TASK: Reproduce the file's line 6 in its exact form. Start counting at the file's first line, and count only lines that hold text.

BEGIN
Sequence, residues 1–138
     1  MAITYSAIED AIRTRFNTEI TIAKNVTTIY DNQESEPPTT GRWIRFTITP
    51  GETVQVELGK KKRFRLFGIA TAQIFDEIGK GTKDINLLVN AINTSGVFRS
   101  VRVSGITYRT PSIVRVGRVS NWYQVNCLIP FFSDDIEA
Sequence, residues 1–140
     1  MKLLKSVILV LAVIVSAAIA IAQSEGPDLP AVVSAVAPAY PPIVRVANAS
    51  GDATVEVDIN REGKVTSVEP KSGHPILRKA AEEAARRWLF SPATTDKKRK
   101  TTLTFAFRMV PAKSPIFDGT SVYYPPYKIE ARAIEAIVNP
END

     1  MKLLKSVILV LAVIVSAAIA IAQSEGPDLP AVVSAVAPAY PPIVRVANAS